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Orange school shooter: 'Now I realize what I did was wrong'

Posted August 21, 2009
Updated August 22, 2009

— A jury on Friday found an Orange County man guilty of killing his father and shooting at Orange High School three years ago.

Jurors deliberated almost seven hours before convicting Alvaro Castillo on 10 charges: first-degree murder, two counts of assault with a deadly weapon with intent to kill, two counts of having a weapon on educational property, three counts of possessing weapons of mass destruction and one count each of firing into occupied property and discharging a weapon on educational property.

Castillo trial, afternoon session, 8/3/09 Castillo sentenced to life in prison

Castillo, 22, was arrested Aug. 30, 2006, after he drove to Orange High with a cache of weapons and opened fire. Two students were injured in the school shooting, which ended when school personnel tackled him.

While they were investigating the shooting, Orange County deputies discovered the body of Castillo's father, Rafael Huezo Castillo, in the family's home. He had been shot several times.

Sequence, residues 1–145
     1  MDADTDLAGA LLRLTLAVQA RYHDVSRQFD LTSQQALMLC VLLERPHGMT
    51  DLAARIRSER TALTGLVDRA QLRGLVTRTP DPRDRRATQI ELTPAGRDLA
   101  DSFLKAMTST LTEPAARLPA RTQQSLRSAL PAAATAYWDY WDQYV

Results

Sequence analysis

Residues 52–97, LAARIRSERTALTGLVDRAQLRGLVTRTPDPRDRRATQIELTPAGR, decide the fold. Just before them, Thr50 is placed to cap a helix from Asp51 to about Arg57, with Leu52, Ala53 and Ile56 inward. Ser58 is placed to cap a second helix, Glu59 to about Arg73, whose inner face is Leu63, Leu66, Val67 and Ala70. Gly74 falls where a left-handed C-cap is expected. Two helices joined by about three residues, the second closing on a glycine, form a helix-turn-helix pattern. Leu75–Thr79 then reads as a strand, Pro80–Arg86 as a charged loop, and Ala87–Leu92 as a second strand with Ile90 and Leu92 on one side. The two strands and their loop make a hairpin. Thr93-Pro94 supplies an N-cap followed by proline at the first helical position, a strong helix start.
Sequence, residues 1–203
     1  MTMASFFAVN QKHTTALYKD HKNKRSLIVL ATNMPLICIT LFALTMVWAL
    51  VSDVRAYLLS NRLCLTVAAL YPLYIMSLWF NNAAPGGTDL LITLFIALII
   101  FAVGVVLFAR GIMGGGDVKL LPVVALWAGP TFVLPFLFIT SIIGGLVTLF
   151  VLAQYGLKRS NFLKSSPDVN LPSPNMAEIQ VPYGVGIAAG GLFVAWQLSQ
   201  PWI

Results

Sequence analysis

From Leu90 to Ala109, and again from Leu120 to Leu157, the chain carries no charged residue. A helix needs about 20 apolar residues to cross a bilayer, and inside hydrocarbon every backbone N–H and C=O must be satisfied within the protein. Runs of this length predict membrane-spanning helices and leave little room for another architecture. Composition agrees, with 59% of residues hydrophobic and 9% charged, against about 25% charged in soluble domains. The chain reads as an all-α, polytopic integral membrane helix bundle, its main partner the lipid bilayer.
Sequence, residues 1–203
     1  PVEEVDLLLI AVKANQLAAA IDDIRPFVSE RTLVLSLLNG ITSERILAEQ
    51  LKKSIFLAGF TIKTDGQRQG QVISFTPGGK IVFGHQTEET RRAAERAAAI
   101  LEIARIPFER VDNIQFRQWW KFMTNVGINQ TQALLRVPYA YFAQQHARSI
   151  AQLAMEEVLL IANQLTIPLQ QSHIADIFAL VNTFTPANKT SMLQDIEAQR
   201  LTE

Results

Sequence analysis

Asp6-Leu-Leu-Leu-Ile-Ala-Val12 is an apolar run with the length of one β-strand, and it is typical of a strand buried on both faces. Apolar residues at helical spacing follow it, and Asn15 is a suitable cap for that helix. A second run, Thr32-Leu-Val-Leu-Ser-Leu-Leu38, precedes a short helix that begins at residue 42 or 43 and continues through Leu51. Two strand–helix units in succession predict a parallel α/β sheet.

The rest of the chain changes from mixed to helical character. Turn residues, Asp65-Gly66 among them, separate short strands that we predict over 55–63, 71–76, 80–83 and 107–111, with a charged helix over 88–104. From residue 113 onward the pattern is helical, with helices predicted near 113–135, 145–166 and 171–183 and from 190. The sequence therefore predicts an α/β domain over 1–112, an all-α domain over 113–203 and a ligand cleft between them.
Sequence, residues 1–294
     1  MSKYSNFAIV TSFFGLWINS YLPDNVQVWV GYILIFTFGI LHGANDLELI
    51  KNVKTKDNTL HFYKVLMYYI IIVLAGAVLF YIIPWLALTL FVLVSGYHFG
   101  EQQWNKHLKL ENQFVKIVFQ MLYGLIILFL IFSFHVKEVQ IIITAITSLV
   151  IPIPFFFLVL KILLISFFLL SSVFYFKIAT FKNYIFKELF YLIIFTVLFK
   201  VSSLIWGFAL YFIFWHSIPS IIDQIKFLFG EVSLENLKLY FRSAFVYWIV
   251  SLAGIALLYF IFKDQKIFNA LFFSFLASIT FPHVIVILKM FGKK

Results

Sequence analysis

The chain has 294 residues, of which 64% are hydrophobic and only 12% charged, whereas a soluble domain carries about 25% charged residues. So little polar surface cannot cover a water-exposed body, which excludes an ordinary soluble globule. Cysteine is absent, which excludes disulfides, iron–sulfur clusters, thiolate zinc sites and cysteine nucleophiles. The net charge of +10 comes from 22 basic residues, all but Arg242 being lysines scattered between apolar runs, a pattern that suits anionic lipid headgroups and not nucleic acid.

"I know that, as a result of my actions, I shocked and hurt a lot of people. That wasn't my intention. I simply wanted to help," Castillo said before he was sentenced. "Now I realize that what I did was wrong, and I'm willing to do whatever is necessary."

Superior Court Judge Allen Baddour sentenced Castillo to the mandatory life in prison without the possibility of parole for murder. He imposed two consecutive sentences of 25 to 39 months each on the assault with a deadly weapon charges, and he recommended that Castillo receive mental health treatment in prison.

Orange County District Attorney Jim Woodall requested the consecutive sentences, calling the shootings "very brutal crimes."

Verdict in Castillo trial Jury convicts Castillo of murder, school shooting

Castillo had pleaded not guilty by reason of insanity to all charges, and his lawyers presented testimony during the three-week trial from mental health experts and social workers who said he was psychotic at the time of the shootings.

The defense witnesses testified that Castillo was obsessed with school shootings, especially the 1999 massacre at Columbine High School in Colorado, and that he had the delusion that he was saving people from lives of worldly pain and suffering by shooting them.

After the sentencing, defense attorney James Williams said he was disappointed with the verdict, saying there was plenty of evidence that Castillo has suffered from mental illness for several years.

"This is a case where someone fell through the cracks in a lot of respects," he said.

Woodall argued during the trial that Castillo planned the attacks to gain notoriety and join the ranks of infamous school shooters. He showed jurors hours of videotapes Castillo made in the weeks before the shootings in which he explained his reasons for planning and carrying out the attacks.